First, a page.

By Paul Ekman
This reprint variation of Ekman and Friesen's step forward learn at the facial features of emotion makes use of rankings of photos exhibiting feelings of shock, worry, disgust, anger, happiness, and unhappiness. The authors of UNMASKING THE FACE clarify how one can determine those easy feelings thoroughly and the way to inform while humans try and masks, simulate, or neutralize them. It positive aspects a number of functional routines that support actors, lecturers, salesmen, counselors, nurses, law-enforcement group of workers and physicians -- and everybody else who offers with humans -- to develop into adept, perceptive readers of the facial expressions of emotions.
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Extra info for Unmasking the Face: A Guide to Recognizing Emotions from Facial Clues
We conducted a series of experiments in the Southeast Highlands of New Guinea, where we were able to find people who met these criteria. Because these people were in no way accustomed to taking psychological tests or participating in experiments, and because we did not know their language but had to work through translators, we had to modify our experimental procedure. In other countries we had shown a single photograph of one or another of the emotion expressions and given the observer a choice among a list of emotion words.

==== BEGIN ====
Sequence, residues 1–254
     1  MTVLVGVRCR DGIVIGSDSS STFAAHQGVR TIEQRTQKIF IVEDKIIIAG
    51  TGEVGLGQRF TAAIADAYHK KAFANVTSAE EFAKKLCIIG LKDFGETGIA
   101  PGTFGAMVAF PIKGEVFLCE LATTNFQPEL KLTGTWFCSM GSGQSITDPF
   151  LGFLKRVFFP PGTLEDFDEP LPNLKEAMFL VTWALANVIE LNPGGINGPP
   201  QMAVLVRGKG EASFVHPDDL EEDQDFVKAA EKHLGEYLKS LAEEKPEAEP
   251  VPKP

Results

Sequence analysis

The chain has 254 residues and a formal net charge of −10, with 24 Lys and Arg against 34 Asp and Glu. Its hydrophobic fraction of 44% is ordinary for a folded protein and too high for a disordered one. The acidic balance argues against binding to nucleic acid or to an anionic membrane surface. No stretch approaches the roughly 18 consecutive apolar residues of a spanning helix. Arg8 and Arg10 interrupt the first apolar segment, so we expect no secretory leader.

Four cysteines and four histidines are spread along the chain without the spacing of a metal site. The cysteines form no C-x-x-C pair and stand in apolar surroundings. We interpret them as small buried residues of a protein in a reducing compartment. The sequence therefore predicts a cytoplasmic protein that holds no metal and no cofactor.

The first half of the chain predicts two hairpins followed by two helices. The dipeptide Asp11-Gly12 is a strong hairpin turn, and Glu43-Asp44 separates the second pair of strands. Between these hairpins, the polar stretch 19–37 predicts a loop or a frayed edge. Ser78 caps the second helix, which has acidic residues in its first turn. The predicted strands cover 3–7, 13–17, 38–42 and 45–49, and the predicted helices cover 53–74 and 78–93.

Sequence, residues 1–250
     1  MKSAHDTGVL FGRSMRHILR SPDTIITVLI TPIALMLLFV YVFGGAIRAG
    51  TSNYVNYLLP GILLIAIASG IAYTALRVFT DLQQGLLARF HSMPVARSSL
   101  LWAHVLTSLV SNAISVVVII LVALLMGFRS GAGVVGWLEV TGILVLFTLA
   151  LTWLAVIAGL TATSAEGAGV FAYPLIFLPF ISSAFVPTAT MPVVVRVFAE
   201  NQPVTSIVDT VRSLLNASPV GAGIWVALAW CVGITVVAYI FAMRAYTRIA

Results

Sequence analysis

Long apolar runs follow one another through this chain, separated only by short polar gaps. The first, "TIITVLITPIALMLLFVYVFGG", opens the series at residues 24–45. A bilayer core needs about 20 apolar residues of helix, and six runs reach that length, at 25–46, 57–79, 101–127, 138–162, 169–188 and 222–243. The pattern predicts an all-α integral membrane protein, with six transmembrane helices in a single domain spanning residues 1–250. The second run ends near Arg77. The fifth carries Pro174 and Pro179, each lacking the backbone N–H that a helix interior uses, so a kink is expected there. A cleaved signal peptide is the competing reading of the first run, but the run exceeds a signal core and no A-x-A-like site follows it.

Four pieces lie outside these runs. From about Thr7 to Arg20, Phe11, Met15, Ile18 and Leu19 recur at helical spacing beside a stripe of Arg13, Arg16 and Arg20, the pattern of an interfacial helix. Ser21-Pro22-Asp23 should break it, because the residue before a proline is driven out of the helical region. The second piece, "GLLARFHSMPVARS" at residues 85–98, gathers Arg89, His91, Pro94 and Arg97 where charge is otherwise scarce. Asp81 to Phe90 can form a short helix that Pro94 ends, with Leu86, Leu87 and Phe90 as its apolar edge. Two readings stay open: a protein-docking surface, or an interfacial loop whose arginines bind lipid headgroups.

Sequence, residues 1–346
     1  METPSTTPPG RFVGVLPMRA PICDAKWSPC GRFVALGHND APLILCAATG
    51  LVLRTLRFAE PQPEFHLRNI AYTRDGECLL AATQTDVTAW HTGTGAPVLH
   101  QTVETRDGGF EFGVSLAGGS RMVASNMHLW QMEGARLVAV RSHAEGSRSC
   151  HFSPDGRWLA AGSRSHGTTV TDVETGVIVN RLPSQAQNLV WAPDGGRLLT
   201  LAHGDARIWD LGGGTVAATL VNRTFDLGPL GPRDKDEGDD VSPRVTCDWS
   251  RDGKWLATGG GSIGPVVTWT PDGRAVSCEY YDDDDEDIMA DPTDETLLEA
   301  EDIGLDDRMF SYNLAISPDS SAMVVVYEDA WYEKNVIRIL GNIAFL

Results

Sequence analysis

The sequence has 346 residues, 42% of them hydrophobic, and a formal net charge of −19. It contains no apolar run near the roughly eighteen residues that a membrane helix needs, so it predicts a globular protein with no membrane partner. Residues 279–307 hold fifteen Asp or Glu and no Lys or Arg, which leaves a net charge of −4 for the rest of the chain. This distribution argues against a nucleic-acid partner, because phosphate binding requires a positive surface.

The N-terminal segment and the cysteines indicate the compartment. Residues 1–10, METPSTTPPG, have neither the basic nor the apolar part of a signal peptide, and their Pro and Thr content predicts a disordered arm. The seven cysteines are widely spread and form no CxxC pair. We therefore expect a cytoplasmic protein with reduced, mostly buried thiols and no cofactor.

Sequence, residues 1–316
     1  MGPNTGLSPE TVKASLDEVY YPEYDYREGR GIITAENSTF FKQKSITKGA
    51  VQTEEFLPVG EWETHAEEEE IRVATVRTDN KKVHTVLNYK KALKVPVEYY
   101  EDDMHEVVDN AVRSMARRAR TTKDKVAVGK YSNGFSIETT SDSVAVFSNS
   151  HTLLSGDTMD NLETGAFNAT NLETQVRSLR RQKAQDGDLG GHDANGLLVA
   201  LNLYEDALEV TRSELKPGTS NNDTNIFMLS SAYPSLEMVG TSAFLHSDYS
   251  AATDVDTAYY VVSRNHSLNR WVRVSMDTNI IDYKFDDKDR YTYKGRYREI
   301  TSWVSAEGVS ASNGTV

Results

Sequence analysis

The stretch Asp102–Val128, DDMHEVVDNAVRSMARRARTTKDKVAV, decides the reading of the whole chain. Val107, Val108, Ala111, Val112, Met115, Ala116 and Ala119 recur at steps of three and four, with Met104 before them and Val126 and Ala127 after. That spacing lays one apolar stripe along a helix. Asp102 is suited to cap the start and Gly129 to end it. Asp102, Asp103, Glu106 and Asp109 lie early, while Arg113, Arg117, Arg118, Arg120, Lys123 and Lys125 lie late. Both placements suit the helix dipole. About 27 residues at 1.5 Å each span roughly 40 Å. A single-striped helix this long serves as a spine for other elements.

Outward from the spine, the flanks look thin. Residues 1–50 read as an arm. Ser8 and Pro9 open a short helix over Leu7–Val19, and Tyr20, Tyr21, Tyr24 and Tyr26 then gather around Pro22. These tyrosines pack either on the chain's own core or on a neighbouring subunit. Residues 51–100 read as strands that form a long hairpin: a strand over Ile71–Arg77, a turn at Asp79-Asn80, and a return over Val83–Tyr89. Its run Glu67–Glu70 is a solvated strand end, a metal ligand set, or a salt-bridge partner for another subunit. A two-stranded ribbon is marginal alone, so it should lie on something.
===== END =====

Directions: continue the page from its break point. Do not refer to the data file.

The completed Atlas consists of a series of photographs of these three different areas of the face, each photograph keyed to one of the six emotions. As might well be expected, for each of the emotions there is more than one Atlas photograph for at least research on facial expressions of emotion 29 one facial area. For example, for surprise there is one brow/forehead, one eyes/lids/root of nose, but four different Atlas photographs of the lower face. The next obvious question was whether the Atlas is correct.
Or facial expressions of emotion might be similar in all the cultures we studied precisely because the people had all learned how to show emotion on their face by watching the same actors in the movies or television and imitating their facial expressions. We had not eliminated the possibility that, among people who did not have the opportunity to view mass-media portrayals of facial expressions of emotion, emotions would be shown by entirely different facial muscular movements. The only way to settle this question was to study visually isolated people who had no contact with the massmedia, and little if any contact with the outside world.